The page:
We have the ability today to stay in contact immediately with anyone around the globe.  Facebook is a case in point.  As I was thinking of a topic for tonight’s blog, I stopped in on Facebook to check in and see what my friends were doing.

One friend was working on his book, another was trying to get home from Oklahoma City, one of my former students was trying to make the drive from Pennsylvania to California, and one of my friends was evidently departing on a cruise.  Her comment, “We’re going to the ship!  We’re going to the ship!”

VA 37 A-7E trapping aboard Sara

A little more than 20 years ago, that phrase also excited me.  However, I was going to a different ship and I was “getting aboard” in a very different manner.  Nah, I was not going to walk the gangway to board my cruise ship; I would be making a “ball call” and a landing signal officer (LSO) would respond in the time honored tradition of, “Roger ball!”

Then I would slam onto the deck at about 133 knots.  Or, for those who prefer miles per hour, 153 mph.

What an exciting time!  During the day, flying around the boat in good weather was great fun.  In fact, it was so much fun it should have been illegal.  I am sure I would have paid as much as required to have all the fun.  Of course, we did have to pay quite a hefty fee for all the daytime fun; the nighttime operations were pretty hairy indeed.

The job became even more interesting when the deck was pitching and rolling.  When it was really pitching and rolling, that was when the LSOs truly earned their money.  They were responsible for keeping the rest of us in the Air Wing out of trouble on the blunt end of the boat.

There was another set of aviators and sailors who were also good at keeping tactical jet aviators out of trouble.  They were the helicopter pilots and rescue swimmers.  Every time I had a chance to do something good for the helo pilots and their crews, I always took the opportunity.  They were one bunch of gentlemen I wanted to be sure knew me by name and face.  If ever I had to jump out of my Corsair at sea, I wanted to know they would work extra hard because they knew I was the guy who bought them beer at the last port of call.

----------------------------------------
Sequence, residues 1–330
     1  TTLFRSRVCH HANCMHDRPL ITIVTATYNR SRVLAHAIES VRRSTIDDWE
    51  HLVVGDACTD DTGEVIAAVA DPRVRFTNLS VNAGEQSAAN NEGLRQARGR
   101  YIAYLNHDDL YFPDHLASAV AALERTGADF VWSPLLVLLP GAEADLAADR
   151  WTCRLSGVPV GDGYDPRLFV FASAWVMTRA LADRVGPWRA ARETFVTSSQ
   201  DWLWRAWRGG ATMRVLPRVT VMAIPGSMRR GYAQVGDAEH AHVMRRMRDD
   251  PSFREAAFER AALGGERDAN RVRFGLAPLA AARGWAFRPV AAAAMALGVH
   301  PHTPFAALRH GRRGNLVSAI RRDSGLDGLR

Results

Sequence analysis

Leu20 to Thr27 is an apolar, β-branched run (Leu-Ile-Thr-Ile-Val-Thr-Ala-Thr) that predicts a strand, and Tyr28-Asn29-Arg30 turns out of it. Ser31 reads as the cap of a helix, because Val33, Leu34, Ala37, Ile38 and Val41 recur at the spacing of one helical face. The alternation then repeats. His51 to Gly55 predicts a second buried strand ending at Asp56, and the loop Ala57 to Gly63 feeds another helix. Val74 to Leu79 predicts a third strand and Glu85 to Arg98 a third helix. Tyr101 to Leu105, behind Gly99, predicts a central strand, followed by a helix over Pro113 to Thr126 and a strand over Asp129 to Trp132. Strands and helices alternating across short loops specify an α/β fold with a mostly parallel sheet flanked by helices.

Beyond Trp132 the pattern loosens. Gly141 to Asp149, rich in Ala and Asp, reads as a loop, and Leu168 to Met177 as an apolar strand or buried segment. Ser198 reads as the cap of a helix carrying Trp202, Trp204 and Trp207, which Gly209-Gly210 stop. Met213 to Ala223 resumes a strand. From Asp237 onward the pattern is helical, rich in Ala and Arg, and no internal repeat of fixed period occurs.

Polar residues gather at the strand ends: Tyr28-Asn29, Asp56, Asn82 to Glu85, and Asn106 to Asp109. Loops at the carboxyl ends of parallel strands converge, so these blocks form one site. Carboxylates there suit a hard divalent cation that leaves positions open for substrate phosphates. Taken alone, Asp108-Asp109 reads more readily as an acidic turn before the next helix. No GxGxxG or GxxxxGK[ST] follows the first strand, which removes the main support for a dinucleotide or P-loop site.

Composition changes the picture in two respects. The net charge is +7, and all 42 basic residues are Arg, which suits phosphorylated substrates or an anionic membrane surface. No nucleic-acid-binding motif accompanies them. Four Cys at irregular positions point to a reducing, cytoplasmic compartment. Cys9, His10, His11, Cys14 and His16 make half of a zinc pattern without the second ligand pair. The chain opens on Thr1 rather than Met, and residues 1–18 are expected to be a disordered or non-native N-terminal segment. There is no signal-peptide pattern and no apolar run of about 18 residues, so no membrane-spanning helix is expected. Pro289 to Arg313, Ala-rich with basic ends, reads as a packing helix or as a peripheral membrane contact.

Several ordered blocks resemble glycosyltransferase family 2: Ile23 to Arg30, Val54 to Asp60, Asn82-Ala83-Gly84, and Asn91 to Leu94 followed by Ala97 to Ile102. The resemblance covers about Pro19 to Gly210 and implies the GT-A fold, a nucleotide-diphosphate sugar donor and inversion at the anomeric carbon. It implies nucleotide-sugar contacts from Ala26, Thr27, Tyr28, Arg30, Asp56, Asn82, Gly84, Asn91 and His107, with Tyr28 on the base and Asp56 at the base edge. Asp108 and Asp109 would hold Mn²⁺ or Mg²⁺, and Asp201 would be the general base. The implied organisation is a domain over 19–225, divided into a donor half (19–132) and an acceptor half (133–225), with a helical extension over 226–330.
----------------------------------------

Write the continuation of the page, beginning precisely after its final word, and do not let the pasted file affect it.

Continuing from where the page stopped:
As I sit here tonight, I wonder what ports of call my friend, Ashley, is destined to visit.  I do know there will be vast differences between her cruise boat and mine.  The boat I cruised on was very large; in fact, very few ships are larger than a Nimitz-class aircraft carrier.  We also did not have alcoholic beverages with umbrellas in them.  There were also no slot machines on any of the decks of the carrier.

The nicest thing about Ashley’s boat, however, is the fact her boat will not have airplanes landing on the roof at all hours of the night and day.


© 2011 J. Clark

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4 Responses to Cruising

  1. Michael Friese says:

    Pertaining to the “staying in contact” comment in your blog, this is amazingly true. When I was in Afghanistan, I was able to call home every night over SKYPE. We even had video! (as long as the bandwidth wasn’t slowed down) I thought about what it must have been like, years ago, when this was not possible, in your era.

  2. Number one dream; fly the space shuttle. Number two dream; fly an airplane with enough power to go where you point it and land it on a carrier. You lucky Dawg!

    • Joe Clark says:

      Agreed–I was only lucky daw–wait, you’re from Georgia, I’m from Florida. I agree, I was one lucky (UF) Gator! To have been born an American and be in the right places at the right times for dreams to come true…

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